From Middle English deie, from Old English dēah, dēag (“color, hue, dye”), from Proto-West Germanic *daugu (“colour, shade”), from *daugan (“to conceal, be dark”), from Proto-Indo-European *dʰewh₂- (“to smoke, raise dust, camouflage”).
- (obsolete) die
- A colourant, especially one that has an affinity to the substrate to which it is applied.
- Any hue, color, or blee.
- (transitive) To colour with dye, or as if with dye.
- You look different. Have you had your hair dyed?
dye (plural dyce)
- Archaic spelling of .
- 1726 October 28, [Jonathan Swift], “The Author Permitted to See the Grand Academy of Lagado. […]”, in Travels into Several Remote Nations of the World. […] [Gulliver’s Travels], volume II, London: […] Benj[amin] Motte, […], →OCLC, part III (A Voyage to Laputa, Balnibarbi, Glubbdubdribb, Luggnagg, and Japan), page 72:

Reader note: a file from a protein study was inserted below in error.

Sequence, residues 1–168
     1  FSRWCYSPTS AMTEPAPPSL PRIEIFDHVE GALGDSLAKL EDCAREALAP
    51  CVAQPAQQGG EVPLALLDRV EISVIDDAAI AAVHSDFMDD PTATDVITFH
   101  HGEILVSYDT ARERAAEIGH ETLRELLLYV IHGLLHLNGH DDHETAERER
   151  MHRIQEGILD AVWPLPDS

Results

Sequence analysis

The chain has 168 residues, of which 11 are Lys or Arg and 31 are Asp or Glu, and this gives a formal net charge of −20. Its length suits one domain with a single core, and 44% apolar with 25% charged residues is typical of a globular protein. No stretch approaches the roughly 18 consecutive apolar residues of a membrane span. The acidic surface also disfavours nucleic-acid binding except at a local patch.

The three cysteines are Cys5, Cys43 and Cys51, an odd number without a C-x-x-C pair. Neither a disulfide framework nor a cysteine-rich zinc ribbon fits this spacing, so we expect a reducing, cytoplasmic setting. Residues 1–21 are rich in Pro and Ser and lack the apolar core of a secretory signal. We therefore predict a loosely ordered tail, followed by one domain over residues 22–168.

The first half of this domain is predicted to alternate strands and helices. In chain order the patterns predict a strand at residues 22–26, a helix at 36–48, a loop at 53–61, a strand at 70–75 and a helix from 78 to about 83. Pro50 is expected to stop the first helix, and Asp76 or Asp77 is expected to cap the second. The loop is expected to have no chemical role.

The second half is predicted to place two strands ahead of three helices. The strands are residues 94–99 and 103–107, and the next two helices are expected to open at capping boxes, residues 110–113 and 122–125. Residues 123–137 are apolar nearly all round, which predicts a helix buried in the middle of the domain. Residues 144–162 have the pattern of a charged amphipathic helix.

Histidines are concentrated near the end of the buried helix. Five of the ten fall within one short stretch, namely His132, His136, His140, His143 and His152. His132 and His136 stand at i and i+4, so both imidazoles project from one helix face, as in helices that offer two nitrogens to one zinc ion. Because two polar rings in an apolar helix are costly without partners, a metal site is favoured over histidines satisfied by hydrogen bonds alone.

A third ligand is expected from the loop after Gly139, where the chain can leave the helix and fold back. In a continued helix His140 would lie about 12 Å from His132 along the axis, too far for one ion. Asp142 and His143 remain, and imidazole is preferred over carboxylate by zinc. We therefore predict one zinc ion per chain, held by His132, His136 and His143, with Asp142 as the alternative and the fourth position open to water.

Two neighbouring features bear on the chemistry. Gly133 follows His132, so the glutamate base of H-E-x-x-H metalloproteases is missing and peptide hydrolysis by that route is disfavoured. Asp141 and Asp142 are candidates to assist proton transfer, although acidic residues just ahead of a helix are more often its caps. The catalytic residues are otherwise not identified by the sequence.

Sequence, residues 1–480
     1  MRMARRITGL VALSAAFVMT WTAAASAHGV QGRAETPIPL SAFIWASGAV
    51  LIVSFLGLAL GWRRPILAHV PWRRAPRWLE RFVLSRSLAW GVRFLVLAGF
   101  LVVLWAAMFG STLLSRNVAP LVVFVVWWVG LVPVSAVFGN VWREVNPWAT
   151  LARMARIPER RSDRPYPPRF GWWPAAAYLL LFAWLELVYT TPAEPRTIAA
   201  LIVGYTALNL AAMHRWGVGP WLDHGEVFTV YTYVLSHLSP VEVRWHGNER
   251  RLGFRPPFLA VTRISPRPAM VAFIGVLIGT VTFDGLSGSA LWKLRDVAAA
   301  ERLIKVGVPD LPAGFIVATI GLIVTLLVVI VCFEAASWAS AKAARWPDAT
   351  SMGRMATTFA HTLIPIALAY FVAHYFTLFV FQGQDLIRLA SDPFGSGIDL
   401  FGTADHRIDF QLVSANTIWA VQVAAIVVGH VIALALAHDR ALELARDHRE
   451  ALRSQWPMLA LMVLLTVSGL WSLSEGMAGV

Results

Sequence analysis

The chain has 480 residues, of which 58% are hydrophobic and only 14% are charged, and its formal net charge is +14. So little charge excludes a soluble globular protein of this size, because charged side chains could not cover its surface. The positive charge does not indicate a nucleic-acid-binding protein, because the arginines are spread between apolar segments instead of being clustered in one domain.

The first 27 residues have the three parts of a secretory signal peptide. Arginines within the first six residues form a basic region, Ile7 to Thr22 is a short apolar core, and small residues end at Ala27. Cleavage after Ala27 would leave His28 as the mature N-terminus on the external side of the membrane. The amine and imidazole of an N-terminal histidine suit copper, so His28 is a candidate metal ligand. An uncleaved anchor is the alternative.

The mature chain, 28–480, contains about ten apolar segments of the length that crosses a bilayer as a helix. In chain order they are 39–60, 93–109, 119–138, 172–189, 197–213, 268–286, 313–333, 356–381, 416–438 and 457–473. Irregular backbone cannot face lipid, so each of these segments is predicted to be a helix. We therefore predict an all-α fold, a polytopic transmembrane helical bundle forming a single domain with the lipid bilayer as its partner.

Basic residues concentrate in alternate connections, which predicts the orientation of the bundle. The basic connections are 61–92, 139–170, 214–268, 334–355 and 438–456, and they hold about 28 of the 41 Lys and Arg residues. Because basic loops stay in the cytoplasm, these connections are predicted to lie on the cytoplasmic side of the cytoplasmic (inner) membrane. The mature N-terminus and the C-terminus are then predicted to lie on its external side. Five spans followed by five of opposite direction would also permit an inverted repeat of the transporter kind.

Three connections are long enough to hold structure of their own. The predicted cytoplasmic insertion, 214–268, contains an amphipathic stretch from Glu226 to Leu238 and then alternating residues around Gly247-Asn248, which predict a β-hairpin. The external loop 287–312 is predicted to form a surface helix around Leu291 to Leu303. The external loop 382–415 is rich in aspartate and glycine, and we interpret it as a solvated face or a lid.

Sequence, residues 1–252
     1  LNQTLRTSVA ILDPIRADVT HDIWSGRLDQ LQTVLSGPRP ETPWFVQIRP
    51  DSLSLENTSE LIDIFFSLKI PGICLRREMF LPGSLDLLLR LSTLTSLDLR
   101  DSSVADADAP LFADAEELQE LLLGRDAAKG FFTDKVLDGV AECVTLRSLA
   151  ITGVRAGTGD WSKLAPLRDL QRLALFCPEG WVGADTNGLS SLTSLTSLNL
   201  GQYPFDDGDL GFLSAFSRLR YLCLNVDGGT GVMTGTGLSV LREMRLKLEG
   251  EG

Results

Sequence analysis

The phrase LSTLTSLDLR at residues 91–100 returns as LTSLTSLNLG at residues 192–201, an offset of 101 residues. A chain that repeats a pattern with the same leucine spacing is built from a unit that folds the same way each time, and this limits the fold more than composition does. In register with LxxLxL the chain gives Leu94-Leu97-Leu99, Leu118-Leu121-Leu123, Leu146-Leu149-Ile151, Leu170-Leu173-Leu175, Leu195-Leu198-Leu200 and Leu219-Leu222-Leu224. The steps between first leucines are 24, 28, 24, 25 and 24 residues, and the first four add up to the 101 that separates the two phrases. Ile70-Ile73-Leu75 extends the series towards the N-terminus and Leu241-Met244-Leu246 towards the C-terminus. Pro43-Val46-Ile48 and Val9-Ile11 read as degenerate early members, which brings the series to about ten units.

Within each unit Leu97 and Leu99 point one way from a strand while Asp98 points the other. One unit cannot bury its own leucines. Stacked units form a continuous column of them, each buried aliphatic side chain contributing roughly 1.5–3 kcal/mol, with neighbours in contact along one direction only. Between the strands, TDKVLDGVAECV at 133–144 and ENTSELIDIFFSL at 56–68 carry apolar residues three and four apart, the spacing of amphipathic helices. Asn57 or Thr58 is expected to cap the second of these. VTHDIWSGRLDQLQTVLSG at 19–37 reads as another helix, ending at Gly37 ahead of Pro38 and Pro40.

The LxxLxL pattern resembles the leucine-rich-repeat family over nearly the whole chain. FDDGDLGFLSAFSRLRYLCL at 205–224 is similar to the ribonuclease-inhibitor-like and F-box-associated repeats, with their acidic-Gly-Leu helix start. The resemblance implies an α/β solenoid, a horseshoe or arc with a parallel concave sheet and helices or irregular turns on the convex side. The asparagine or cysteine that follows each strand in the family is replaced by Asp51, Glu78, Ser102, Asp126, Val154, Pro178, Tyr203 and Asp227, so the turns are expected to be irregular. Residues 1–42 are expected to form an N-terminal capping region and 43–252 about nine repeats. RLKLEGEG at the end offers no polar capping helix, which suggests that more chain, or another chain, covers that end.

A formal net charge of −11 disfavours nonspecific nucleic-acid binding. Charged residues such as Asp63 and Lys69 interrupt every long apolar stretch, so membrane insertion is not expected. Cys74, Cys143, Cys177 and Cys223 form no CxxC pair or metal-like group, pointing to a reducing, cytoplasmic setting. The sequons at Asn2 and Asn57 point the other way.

- The Superficies was compoſed of ſeveral bits of Wood, about the bigneſs of a Dye, but ſome larger than others.
- 1748, David Hume, Enquiries concerning the human understanding and concerning the principles of moral., London: Oxford University Press, published 1973, § 46:
- If a dye were marked with one figure or number of spots on four sides, and with another figure or number of spots on the two remaining sides, it would be more probable, that the former would turn up than the latter;
- plural of